10. Passmore SJ. Ecological studies of relation between hospital policies on neonatal vitamin K administration and subsequent occurrence of childhood cancer. Br Med J 1998; 316: 184-9
  11. Parker L. Neonatal vitamin K administration and childhood cancer in the north of England: retrospective case-control study. Br Med J 1998; 316: 189-93
  12. Cornellison M., et al. Prevention of Vitamin K deficiency bleeding: efficacy of different multiple oral dose schedules of Vitamin K. European J of Paed 1997; 156: 126-130.
  13. Zipursky A. Prevention of Vitamin K deficiency in a newborn. Brit J Haematology 1999; 104: 430-437.
  14. von Kries A.. Oral mixed mycellular Vitamin K for the prevention of late Vitamin K deficiency bleeding. Arch Dis Child Fetal Neonatal Ed. 2003; 88: F109-112.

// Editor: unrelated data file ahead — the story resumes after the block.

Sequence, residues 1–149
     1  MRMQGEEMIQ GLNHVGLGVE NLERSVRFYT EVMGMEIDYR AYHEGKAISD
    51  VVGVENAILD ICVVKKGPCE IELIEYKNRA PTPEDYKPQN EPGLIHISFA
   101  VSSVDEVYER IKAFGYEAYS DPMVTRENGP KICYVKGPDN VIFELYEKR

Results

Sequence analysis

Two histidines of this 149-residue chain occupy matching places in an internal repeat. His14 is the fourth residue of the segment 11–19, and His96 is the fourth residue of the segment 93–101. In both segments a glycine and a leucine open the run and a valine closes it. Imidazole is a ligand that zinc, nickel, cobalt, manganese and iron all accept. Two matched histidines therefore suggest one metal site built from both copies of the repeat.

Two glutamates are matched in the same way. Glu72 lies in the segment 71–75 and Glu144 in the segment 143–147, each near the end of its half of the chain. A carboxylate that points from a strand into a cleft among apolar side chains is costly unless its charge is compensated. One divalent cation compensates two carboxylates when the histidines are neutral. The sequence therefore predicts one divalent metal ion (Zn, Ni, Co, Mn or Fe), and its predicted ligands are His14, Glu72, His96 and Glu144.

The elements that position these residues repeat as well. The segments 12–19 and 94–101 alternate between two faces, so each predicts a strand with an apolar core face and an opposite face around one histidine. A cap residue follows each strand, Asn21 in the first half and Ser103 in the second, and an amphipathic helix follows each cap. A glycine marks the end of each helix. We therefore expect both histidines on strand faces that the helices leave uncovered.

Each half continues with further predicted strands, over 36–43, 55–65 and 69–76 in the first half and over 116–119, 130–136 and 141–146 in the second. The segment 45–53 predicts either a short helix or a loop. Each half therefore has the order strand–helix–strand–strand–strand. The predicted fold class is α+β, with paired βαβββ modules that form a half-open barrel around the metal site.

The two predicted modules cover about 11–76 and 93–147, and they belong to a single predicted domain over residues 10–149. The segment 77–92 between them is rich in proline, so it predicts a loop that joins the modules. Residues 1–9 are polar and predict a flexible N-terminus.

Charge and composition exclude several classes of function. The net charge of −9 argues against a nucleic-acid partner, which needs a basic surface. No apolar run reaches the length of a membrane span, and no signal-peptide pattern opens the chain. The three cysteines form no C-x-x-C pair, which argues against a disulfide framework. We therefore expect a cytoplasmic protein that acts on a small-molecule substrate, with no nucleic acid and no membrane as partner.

15. Loughnan P, et al. The frequency of late onset haemorrhagic disease (HD) in Australia with different methods of prophylaxis, 1993-1997. An update. J Paediatr Child Health 1999;38:A8.
  16. Darlow B, et al. New Zealand surveillance of neonatal vitamin K deficiency bleeding (VKDB): 1998-2008. J Paed Child Health 2011; 47:460-464

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Document Control

  • Date last published: 08 October 2018
  • Document type: Clinical Guideline
  • Services responsible: Neonatology
  • Owner: Newborn Services Clinical Practice Committee
  • Editor: Sarah Bellhouse
  • Review frequency: 2 years